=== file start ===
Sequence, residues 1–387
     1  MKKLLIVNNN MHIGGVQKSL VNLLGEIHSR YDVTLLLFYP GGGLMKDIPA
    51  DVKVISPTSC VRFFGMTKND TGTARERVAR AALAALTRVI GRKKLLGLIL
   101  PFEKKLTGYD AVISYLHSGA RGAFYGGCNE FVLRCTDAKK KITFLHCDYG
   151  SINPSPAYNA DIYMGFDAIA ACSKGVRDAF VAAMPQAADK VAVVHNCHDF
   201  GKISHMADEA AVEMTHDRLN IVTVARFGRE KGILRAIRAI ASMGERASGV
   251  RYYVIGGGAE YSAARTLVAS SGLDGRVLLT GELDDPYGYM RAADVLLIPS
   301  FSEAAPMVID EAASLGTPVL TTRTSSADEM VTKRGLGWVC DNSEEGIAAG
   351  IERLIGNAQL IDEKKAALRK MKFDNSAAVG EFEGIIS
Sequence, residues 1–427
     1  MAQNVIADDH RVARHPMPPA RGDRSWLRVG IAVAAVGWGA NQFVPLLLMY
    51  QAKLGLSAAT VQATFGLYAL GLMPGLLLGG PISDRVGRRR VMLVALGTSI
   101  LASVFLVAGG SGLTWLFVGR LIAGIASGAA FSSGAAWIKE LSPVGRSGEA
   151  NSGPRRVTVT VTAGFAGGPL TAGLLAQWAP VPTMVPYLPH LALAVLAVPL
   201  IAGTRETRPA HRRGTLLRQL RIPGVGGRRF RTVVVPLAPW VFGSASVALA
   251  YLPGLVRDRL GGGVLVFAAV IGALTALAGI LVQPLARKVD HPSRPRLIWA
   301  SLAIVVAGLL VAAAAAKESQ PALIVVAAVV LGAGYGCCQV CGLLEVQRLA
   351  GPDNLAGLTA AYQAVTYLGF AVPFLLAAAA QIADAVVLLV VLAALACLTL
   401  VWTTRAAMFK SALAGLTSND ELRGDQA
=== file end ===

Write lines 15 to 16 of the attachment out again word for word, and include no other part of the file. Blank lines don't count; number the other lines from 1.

   201  IAGTRETRPA HRRGTLLRQL RIPGVGGRRF RTVVVPLAPW VFGSASVALA
   251  YLPGLVRDRL GGGVLVFAAV IGALTALAGI LVQPLARKVD HPSRPRLIWA